In Everybody knows, Laura, a Spanish woman living in Buenos Aires, returns to her hometown with her two children to attend her sister's wedding. However, the trip is upset by unexpected events that bring secrets into the open.
Directed by Iranian Asghar Farhadi, winner of two Oscars, and starring the overvalued Spanish couple Javier Bardem and Penélope Cruz, the film on a somewhat near subject and with a cast that seems to be stellar seems to be at first seen the best of the year. But, of course, appearances are usually very different.
It begins with Agatha Christie and ends up being an exaggerated Spanish soap opera, before playing a little bit with social realism and the question of who owns the land that immigrants work. Sadly, Farhadi never decides for any of those topics and makes the film extremely slow and even more confusing. I would say that the biggest problem is two: 1) the decision to reveal two vital facts for the story too soon and 2) the choice of two of the protagonists - Javier Bardem and Penélepe Creu.
The two main actors interpret their ostensibly complex roles that, however, only allow a limited expression on the screen. Laura’s Cruz, for example, cries and weeps. A lot. Too much. In all scenes, weeping and exaggerated screams are heard. And please, someone should tell to Penélope to not try to put accents, that she doesn't know how to do it, she not credible... I said it when Loving Pablo and I repeat it now. Bardem is not better at all, always trying to hold scenes based on hysteria, courtesy of Farhadi (who also wrote the script).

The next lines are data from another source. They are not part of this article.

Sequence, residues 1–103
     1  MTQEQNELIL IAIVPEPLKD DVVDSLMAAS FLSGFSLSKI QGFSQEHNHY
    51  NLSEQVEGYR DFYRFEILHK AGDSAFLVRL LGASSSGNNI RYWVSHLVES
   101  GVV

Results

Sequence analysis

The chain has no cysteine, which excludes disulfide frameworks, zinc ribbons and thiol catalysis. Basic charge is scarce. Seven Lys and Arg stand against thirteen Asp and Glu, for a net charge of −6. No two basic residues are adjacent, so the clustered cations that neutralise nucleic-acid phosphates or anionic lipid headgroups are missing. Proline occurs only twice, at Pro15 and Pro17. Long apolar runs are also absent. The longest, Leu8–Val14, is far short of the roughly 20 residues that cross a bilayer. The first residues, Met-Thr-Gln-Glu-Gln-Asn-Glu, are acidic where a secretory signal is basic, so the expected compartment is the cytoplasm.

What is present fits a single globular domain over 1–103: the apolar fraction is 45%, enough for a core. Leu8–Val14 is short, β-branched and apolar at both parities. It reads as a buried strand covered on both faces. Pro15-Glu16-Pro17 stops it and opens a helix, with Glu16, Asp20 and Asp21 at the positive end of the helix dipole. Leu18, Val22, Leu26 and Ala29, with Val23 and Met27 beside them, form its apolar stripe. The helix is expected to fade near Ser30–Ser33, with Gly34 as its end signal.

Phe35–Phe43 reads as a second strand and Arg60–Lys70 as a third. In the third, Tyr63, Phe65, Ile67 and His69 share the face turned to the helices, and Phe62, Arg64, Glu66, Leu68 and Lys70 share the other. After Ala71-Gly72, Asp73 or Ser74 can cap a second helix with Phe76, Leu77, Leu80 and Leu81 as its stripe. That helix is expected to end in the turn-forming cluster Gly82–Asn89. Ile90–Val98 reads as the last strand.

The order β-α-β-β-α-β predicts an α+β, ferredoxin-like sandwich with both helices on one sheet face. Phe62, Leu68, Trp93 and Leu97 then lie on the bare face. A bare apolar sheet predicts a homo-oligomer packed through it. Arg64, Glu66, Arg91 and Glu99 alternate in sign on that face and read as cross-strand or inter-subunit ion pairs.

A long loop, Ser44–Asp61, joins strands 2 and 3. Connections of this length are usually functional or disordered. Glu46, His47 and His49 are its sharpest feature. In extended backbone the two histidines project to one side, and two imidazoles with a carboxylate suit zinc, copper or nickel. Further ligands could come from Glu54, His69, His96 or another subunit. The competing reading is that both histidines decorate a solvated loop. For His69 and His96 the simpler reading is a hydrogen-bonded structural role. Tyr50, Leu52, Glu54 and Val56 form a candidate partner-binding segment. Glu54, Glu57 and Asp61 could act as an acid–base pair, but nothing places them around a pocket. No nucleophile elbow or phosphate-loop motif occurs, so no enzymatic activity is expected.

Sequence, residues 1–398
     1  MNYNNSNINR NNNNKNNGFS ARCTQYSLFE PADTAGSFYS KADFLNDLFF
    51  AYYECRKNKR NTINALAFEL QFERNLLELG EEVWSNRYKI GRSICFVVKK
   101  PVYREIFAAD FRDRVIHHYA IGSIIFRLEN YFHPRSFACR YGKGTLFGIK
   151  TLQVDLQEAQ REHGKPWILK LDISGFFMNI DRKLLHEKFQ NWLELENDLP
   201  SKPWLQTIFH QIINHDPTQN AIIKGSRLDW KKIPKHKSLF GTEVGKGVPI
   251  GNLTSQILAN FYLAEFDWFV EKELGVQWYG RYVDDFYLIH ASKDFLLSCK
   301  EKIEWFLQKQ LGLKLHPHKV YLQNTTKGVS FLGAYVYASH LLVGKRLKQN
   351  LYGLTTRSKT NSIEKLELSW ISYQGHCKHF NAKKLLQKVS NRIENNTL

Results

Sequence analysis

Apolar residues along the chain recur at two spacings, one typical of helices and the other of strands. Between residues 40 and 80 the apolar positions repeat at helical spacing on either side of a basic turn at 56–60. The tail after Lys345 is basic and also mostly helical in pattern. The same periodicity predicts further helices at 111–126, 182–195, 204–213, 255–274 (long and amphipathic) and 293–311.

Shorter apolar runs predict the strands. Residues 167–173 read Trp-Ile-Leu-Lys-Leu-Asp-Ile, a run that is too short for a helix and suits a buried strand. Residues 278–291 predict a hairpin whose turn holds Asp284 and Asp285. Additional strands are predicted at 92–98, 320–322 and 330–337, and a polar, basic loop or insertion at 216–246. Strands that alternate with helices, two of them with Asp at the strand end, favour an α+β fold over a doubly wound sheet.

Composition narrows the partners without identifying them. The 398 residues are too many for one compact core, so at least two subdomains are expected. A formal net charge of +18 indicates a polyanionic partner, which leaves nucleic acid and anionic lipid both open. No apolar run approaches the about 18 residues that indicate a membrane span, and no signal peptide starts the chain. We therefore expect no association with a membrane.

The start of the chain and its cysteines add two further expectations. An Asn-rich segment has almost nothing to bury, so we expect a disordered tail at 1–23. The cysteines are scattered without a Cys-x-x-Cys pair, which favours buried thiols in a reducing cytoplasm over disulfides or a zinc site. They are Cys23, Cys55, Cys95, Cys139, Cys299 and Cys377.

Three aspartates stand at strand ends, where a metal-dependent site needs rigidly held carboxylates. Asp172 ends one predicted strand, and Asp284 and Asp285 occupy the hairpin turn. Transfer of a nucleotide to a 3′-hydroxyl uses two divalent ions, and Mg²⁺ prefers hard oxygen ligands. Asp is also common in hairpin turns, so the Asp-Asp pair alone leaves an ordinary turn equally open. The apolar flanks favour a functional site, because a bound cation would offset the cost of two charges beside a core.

That said, in the cast there are some actors that make the film more "entertaining" (Ricardo Darín, Inma Cuesta and Barbara Lennie). This cast, however, is so big that it is difficult to know who everybody is. The identity and motivation of the kidnappers, when they are revealed, are not explored, leaving the movie without a source of interesting tension.
The film is disappointing for its plot more than unlikely to happen. Farhadi may have won an Oscar for A Separation and one for The Salesman, but it is very unlikely that he will repeat the feat with this one, his first drama (if it is) in Spanish.